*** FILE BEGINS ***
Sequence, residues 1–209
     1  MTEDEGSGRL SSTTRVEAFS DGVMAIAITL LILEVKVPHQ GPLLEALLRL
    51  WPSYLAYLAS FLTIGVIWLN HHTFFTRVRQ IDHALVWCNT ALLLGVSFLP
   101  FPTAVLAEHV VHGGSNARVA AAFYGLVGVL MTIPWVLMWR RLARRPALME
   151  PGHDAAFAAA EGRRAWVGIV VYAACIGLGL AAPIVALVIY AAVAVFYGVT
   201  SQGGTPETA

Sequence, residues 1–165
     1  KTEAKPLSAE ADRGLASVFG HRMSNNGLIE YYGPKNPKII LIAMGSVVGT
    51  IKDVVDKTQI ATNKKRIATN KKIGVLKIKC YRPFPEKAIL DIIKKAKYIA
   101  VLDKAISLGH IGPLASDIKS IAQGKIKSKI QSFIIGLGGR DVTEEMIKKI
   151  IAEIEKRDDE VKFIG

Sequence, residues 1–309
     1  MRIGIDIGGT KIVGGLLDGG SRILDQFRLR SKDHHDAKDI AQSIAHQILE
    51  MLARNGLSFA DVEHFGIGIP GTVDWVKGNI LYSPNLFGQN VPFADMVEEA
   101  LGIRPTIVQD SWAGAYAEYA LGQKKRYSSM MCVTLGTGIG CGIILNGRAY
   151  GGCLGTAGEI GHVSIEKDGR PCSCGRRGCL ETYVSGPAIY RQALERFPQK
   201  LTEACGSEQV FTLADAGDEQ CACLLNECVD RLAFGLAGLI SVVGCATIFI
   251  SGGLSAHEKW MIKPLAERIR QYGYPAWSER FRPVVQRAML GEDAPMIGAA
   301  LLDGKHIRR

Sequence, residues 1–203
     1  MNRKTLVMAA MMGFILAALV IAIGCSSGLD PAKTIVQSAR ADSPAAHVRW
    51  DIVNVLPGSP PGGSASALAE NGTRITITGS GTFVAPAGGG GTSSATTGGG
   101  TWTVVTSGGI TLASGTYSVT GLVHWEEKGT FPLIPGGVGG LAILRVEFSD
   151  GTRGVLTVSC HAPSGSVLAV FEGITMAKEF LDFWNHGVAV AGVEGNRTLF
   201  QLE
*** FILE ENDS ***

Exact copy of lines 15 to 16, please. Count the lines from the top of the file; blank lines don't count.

   101  LGIRPTIVQD SWAGAYAEYA LGQKKRYSSM MCVTLGTGIG CGIILNGRAY
   151  GGCLGTAGEI GHVSIEKDGR PCSCGRRGCL ETYVSGPAIY RQALERFPQK